Dr. Katrien Symons of the Student Sex Work Project talks about researching sex work:
Labelling the sex work researcher
A few weeks ago I started working on The Student Sex Work Project, replacing Jacky Tyrie. Starting a new job is one of those happenings in life which trigger questions of interest from the people around you. Like when you just bought a new car people will ask you what brand. And this might become even more so when you’re moving abroad for that new job (I’m from Belgium). When telling people that this new job consists of researching sex work, the reactions that I get usually cover elements of frowned eyebrows, giggling, and awkwardness. I have also never been asked so intensely about my personal feelings, “as a woman”, regarding the topic that I study and I have been studying quite some topics over the past few years. I am familiar with this type of situations since I studied Sexology in university. That’s an actual master’s course covering biological, psychological and sociological aspects of human sexuality. The reason that I ended up studying Sexology had to do with wanting to better understand the ways in which society deals with and organizes sexuality, how this affects our health and wellbeing and eventually affects society as a whole. Most people, however, assigned me with more “sexy” motivations including my boyfriend at the time who seemed to have high hopes that undertaking the course would awaken the sex goddess in me.
Not that any of that ever bothered me. People’s reactions to what I study have never been hostile or negative. In that we are a long way ahead of what sex research pioneers such as Kinsey or the masters of sex Masters and Johnson had to deal with. Today we, sex researchers, are a community with our own journals, networks and conferences. In that environment no frowned eyebrows, giggling and awkwardness. We just share our knowledge in much the same way as it were the latest discoveries in nuclear science. I believe that the reason why people respond so funny when I tell them I’m researching sex work is that they – consciously or unconsciously – assume that this is related to my own sex life. Guilt by association. Based on the reactions that I get I can only start to imagine what it must be like if you’re telling people that you’re actually selling sex rather than just studying it!
I think it is safe to say that society has a pretty disturbed relationship with anything that has to do with sex. Sure sex is more present than ever in this 21st century but sex also still carries that veil of discomfort at best and taboo at worst. Each society organizes sexual behaviour in some way by distinguishing what is acceptable from what is unacceptable and therefore in need of restriction or sanction. These categories of good versus bad sexual behaviour are not rigid but they are in constant change. Thanks to the advocacy of so many, we are now entitled more than ever to choose for ourselves what sexual behaviour suits us best, with whom, when, in what conditions, and whether or not it serves a reproductive goal. Sex does not necessarily have to be romantic to be “good”, and interference by the state in our sexual behaviour is virtually only accepted when the integrity of other people is at stake.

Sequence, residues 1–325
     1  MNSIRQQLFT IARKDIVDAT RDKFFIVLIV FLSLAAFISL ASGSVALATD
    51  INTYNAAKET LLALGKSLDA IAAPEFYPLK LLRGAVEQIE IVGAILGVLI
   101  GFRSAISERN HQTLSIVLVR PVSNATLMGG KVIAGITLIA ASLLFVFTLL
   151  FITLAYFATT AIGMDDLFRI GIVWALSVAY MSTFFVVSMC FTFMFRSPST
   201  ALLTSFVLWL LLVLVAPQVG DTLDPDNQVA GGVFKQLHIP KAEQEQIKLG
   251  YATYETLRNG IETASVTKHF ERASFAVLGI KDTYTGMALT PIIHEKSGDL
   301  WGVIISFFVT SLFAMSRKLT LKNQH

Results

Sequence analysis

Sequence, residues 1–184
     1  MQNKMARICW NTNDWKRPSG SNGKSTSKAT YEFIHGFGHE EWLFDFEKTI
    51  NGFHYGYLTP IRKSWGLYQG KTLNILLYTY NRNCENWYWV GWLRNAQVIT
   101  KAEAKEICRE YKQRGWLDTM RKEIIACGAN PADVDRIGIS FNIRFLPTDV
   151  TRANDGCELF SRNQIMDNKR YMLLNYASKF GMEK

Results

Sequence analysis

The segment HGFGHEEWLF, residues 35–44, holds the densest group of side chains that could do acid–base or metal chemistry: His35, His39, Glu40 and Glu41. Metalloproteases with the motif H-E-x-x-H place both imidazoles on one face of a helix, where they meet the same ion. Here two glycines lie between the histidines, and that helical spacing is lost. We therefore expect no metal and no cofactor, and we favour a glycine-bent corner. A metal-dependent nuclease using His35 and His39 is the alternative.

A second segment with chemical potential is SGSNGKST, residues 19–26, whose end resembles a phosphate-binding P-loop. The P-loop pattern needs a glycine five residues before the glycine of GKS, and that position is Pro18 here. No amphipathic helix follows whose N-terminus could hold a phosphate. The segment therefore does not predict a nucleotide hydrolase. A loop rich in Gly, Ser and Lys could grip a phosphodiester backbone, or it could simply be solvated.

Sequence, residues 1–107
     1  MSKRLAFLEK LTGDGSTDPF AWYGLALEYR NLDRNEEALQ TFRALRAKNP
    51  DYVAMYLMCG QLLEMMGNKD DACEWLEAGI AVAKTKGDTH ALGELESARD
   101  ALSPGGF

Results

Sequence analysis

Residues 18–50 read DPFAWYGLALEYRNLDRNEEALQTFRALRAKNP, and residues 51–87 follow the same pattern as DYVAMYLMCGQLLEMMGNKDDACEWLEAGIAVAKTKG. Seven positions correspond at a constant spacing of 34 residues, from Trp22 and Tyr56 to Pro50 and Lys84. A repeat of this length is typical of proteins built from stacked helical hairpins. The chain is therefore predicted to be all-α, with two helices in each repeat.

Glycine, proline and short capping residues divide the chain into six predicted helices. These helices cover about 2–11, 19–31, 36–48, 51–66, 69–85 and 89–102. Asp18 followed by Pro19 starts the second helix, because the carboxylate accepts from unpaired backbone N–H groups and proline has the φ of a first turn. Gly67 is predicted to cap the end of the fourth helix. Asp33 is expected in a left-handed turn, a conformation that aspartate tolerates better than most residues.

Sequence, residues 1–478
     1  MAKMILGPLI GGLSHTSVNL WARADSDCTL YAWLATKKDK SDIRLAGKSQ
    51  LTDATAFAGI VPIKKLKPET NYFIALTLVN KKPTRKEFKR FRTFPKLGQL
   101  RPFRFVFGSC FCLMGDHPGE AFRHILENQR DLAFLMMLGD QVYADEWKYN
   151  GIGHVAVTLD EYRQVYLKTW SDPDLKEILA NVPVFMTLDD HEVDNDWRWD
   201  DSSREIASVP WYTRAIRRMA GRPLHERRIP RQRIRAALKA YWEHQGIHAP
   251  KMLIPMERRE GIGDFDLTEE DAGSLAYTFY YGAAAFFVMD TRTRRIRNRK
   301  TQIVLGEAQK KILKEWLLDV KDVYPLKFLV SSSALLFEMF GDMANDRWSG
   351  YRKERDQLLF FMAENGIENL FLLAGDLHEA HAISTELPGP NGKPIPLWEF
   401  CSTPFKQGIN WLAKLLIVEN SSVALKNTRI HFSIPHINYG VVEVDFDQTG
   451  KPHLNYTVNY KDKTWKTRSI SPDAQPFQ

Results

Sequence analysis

So what is the problem with sex work, as it is engaged in by adult and consenting individuals? And why are other forms of transactional sex – may those who never had sex in order to achieve something else throw the first stone – not an issue? The monetary transaction taking place in sex work makes the transactional aspect of the sexual encounter so present and undeniable that it shocks. From a moral order perspective, sex workers are seen as disturbing “the social fabric”; from that perspective sex work should be eradicated or at least made invisible as much as possible. These days it is more popular to blame the clients of sex workers rather than sex workers themselves. But there always must be a culprit as the behaviour itself is just wrong. Therefore the view of the sex worker as a criminal and of the sex worker as a victim of male violence are ultimately not that different from each other; they are just two sides of the same coin saying “sex work is wrong”.
Even in the 21st century we still need to become more aware of who or what defines when and under what circumstances sex should or should not be allowed. These views are not mere personal opinions but they are real in their consequences, especially for sex workers. They affect what type of sex work policies are put in place, whether or not a sex worker can be arrested and in what conditions they have to work; they affect whether a sex worker will be discriminated and stigmatized; they affect whether a sex worker will have access to health services; and they affect whether or not a sex worker will feel able to report a violent client to the police.
I wonder how sex workers themselves feel about being the subjects of research. Do they feel like monkeys in a zoo? That their business is none of our business? Or do they think actually some good may come out of it, such as less stigmatization, less criminalisation, safer work environments, improved access to sexual health and social services? Together with other sex work researchers in the UK and abroad I am working now for the latter. In the upcoming year the results of The Student Sex Work Project will be analysed, written down and disseminated. I am sure this will feed many giggly but interesting discussions. More broadly and in the longer run I hope that all that talk about sex will improve our abilities for dealing with sex in a less cramped way. I’m sure it would do us good.